I also find it funny that one thinks you cant grocery shop with a hotel.. I do all the time. I get a hotel with a mini fridge and always buy fruit, cheese, drinks and yogurt for late night snacking, or for when I am worn out and just want a bed dinner in..

In paris I would STRONGLY suggest a hotel as there is a big crack down on vacation rental apartments.. most are not legal, and if an owner gets investigated you may find your reserved apartment suddenly withdrawn or cancelled.. and finding a hotel last minute in june is not that easy.. also ,and this is not to be taken lightly.. most apartments do not have air conditioning, and I have always found less expensive hotels that do have it.. touring around all day in the heat with no relief at night.. no thanks. Sure, you may not need it.. weather is unpredictiable and you may hit some cooler weather, but if you need it and dont have it, you will be very sorry. Keeping windows open is usually not a great option , street noise is not restful.

Its not easy finding quad rooms.. which is what you need.. so its good that you are looking now.

However ( sorry I cant post links I suck at tech stuff) google "quad rooms paris" and a tripadvisor poster has posted links by area to many hotels in paris that have quad rooms.. as I said.. their arent a ton.. so the list will stream line your search !

look at www.hotel-marignan.com/ a good budget choice.. but it doesnt have ac.. however it does have a kitchen you can use.. and includes a simple breakfast. The location is excellant , you can walk to many sites and its not on a busy street.

In london I concur with others that the Premier inns are a good choice.. its a reliable chain with many locations.. I like the one by Kensington.. walk to the Natural History museum and most kids love that one.. giant dinosaur bones et al.. lol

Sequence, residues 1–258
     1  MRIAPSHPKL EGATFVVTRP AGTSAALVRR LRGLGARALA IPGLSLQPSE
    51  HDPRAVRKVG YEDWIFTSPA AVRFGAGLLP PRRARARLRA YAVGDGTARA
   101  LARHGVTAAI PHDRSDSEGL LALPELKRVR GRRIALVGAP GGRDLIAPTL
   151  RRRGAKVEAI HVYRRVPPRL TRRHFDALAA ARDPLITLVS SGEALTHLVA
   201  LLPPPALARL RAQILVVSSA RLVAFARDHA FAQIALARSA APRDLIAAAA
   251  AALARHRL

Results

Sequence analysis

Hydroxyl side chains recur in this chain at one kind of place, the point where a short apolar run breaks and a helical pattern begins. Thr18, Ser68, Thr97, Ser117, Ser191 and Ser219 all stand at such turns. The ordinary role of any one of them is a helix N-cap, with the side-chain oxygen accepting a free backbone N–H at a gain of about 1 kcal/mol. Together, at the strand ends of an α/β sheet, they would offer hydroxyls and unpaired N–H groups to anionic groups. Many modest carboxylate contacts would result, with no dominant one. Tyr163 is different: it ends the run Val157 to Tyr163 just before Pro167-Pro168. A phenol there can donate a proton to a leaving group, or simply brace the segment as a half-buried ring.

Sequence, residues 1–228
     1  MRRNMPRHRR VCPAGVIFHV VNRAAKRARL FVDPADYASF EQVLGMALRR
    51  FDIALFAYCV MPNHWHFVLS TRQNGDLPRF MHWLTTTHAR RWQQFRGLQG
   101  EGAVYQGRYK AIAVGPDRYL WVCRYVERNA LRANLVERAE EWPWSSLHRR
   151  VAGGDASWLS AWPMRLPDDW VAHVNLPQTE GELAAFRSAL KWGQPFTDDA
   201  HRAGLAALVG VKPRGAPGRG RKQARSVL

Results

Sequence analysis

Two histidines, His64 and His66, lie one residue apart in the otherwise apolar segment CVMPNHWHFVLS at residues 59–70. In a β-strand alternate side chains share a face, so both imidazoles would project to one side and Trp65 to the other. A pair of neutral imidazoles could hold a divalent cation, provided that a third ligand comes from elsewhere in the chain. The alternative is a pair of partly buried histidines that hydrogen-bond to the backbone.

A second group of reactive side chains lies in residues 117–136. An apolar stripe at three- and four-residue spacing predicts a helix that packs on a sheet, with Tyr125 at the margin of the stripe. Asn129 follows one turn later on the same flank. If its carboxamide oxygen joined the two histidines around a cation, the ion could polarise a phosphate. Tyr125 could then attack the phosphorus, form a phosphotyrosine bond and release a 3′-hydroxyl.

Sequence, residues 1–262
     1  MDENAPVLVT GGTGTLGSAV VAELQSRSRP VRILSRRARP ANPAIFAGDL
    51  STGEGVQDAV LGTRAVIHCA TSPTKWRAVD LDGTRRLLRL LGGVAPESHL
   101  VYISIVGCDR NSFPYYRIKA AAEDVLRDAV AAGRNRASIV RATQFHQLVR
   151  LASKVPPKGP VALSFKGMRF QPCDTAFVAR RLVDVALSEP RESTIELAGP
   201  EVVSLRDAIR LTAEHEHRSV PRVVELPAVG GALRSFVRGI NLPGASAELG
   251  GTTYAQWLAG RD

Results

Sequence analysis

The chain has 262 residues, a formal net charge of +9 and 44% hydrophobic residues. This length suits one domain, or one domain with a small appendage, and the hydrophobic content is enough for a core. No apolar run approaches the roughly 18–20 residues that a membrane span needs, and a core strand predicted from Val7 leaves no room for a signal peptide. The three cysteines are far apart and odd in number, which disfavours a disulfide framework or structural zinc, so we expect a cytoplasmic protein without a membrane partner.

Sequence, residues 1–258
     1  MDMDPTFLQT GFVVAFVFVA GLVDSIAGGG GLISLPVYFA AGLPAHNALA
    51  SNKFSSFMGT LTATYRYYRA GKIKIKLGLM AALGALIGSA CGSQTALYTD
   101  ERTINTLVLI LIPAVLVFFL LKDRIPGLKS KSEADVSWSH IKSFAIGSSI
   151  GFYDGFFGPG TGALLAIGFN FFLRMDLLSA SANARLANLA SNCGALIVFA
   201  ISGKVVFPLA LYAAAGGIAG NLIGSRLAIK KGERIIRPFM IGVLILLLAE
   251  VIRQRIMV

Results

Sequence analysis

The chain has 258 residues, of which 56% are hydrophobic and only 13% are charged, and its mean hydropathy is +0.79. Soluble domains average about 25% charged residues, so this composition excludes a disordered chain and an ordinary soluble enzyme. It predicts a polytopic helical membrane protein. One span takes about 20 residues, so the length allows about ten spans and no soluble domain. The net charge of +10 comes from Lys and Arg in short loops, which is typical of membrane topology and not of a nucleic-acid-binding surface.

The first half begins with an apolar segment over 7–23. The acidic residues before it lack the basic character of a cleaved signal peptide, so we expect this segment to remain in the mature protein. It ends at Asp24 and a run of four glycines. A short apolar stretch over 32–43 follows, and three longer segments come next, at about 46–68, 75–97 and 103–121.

DO bring food and drinks( yes you can bring liquids) for the Eurostar.. even if you pick up stuff on way to station. Second classs is fine.. its only 2.5 hours and kids can stretch their legs.. its actually quite comfy anyways..

Posted by
1772 posts

We've done a VBRO apartment and Premier Inn County Hall in London (plus other hotels).

The apartment was in a managed building, so there was always someone on the desk. But, since each unit was individually owned, the desk couldn't really help with "technical" questions, like how to operate the washer/dryer. Also, the rental agency moved us to a different apartment 4 days before our trip. It was a better area, but we needed room for 4 adult people and the second apartment needed 2 of those people to be really small. Thankfully, one of our adults no-showed. We enjoyed shopping at the market across the street and the feel of being less touristy.

PI County Hall had easy access to several tube stations as well as popular sites. There were lots of British families staying when we were there. There was a small independent grocery across the street from the hotel and well-stocked and reasonably priced vending machines in the lobby. There was an internet charge, but it produced excellent internet service. They did the whole kettle and biscuits tray in the room and re-stocked daily.

You won't go wrong whatever you choose.